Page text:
Enough about that, this week's tip is about that nagging question we have when working on a painting, when is it finished? I've never met an artists who hasn't asked that question either out loud or to themselves. How do you know when the painting is done? That part's not like dancing, the song doesn't end. What I didn't know is that you have to know this about a sketch as well. I've always been under the impression that a sketch was sort of a free for all, anything goes, do what you want. I s'pose it can be but what this book says makes more sense than flying by the seat of your pants.
"Perhaps the most difficult thing to learn in sketching is when to stop. There seems an almost constant demand to continue, adding first a detail here, a refinement there. If the process is repeated for long, the sketch will lose its freshness. While it is never easy to know precisely when a sketch is finished, perhaps the best signal is the instant when you start to look around for something more to add.  This impulse, responding more to the urge to work than the need to develop a specific area, is often a sure indication that the sketch is finished".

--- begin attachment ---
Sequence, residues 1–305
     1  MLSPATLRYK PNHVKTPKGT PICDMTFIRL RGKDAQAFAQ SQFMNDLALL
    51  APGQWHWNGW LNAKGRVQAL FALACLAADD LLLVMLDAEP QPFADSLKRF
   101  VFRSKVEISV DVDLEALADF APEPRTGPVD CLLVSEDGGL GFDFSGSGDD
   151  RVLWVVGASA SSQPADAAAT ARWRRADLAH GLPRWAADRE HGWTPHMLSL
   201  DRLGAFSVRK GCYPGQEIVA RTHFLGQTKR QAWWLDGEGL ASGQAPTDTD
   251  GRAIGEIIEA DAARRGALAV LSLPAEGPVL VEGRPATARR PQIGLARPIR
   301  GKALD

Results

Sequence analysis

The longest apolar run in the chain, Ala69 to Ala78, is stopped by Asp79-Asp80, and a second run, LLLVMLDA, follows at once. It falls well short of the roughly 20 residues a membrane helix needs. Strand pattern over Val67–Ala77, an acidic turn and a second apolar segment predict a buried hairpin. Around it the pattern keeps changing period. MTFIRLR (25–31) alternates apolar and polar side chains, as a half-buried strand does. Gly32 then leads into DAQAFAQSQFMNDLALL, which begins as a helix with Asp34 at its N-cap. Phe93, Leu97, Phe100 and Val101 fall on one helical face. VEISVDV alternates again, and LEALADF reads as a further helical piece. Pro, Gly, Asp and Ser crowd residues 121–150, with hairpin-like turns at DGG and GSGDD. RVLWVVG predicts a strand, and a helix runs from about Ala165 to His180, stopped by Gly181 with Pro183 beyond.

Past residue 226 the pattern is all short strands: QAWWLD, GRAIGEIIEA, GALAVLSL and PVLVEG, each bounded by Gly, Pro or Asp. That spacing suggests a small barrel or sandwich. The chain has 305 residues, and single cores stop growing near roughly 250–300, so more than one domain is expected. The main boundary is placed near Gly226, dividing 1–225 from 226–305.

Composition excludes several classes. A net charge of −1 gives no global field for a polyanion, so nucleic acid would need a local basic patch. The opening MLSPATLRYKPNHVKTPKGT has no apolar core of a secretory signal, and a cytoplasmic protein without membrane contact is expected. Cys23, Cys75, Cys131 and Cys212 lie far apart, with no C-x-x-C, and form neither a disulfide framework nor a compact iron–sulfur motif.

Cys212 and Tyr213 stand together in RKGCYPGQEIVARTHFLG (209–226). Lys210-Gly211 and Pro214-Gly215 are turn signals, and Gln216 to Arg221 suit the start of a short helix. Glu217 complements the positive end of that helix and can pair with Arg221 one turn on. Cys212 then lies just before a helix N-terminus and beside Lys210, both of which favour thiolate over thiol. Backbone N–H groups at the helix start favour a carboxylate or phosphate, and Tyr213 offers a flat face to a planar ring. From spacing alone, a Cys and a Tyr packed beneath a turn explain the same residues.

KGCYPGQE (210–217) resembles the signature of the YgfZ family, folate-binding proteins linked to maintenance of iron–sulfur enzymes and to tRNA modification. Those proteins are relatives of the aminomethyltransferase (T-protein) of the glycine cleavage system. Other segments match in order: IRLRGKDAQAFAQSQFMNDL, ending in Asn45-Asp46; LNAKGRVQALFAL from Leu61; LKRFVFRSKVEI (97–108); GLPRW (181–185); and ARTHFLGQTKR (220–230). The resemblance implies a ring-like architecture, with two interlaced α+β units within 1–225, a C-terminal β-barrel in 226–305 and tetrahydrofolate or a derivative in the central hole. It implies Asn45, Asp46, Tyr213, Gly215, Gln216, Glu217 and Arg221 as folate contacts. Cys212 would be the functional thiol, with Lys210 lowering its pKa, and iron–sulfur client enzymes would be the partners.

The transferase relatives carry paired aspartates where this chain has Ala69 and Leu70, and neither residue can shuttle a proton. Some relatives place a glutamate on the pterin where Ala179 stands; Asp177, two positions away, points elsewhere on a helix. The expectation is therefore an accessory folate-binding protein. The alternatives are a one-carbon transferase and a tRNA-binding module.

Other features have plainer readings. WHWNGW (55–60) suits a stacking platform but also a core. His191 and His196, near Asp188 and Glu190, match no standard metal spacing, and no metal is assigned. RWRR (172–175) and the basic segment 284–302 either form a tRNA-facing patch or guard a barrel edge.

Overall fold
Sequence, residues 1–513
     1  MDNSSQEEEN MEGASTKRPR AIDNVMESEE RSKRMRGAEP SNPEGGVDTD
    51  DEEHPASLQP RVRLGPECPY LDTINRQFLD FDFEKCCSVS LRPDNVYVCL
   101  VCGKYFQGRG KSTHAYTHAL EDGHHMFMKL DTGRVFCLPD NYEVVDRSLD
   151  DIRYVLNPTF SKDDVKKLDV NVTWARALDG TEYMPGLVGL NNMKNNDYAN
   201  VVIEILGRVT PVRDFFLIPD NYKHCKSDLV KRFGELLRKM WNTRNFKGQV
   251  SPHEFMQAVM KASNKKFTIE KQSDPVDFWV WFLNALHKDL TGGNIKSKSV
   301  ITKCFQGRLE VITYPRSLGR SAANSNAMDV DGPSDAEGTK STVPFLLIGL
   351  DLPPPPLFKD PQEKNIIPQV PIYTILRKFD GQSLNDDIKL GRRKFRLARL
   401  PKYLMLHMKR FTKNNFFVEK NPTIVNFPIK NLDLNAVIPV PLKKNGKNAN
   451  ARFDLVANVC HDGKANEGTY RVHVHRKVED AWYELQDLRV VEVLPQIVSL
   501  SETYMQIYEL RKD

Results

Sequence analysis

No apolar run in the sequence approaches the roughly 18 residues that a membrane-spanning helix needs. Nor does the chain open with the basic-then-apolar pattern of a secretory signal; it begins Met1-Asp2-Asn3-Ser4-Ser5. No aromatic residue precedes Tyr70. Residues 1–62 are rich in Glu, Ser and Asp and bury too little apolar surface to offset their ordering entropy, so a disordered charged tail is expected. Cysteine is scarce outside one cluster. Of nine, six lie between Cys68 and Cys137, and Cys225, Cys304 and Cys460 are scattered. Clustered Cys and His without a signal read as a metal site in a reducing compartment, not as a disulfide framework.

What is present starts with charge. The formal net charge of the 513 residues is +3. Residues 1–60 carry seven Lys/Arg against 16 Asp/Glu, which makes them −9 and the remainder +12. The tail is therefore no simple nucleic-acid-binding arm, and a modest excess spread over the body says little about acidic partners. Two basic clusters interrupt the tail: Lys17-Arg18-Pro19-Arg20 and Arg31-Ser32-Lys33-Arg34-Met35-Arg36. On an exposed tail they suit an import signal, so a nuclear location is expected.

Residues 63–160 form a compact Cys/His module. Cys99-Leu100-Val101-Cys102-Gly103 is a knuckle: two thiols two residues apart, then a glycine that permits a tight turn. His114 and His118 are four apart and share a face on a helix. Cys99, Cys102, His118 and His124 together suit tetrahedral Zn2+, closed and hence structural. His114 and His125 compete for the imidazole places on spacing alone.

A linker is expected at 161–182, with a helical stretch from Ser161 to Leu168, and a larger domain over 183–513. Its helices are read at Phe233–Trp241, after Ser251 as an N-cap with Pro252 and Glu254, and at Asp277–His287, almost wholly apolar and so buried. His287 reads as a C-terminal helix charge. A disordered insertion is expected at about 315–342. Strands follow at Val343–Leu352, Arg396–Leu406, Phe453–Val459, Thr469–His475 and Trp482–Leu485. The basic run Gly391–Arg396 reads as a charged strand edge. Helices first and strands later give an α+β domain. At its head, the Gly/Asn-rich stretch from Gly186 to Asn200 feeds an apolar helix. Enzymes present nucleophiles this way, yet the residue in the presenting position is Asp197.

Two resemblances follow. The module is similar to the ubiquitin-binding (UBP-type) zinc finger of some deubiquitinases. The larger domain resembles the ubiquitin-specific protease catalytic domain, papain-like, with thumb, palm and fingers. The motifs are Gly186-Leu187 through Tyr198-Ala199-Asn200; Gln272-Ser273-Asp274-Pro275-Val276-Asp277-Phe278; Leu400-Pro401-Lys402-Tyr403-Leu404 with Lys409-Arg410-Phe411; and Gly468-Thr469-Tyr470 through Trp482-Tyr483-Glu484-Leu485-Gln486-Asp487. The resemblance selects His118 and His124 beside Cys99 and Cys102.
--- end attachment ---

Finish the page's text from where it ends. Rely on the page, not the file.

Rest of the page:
Tuesday, May 8, 2018

Tuesday Tip #23: Act Casual

Tree-Lined Road 7x5" watercolour sketch on Stonehenge Kraft paper
Sometimes I think I have an addiction to art supplies and books. Lord knows what it means when I buy a book about art. I was at the junk store the other day and found a book called "Keys to Sketching".  It was only a dollar so I thought what the heck.  Surprisingly it's very well written with great examples. One thing that stood out to me was the definition of a sketch. I've had this conversation with tons of artists and everyone seems to disagree what a sketch is. The author, S.H. McGuire, describes it like this, "Sketching, as we treat it here, is a more casual statement. Usually done in a brief span of time, a sketch records the artist's spontaneous impression of something he sees. He does not labor over a sketch. There is an unstudied immediacy that is reflected in the work".  They go on to pose the question that perhaps it's the spontaneity in the sketch that viewers find more satisfying and meaningful than in a finished painting.
Perhaps this is why sketching is so important. It allows you to be spontaneous and have fun. It also turns out to be a powerful tool. As McGuire points out the artist doesn't labor over a sketch and the statement is casual.

Tuesday, May 1, 2018

Tuesday Tip #22: Aiding the Insipiration

Last Saturday I had the pleasure of painting with two lovely ladies and their pack of Australian shepherds. One of the girls is younger in her art career and made a comment about how she has the enthusiasm and energy to draw and paint but when she goes to do it she's lacking in inspiration. What to draw? What to paint? It can be tough when you're first starting out.  What can be even more tough is sifting through all of the tips on how and what to paint.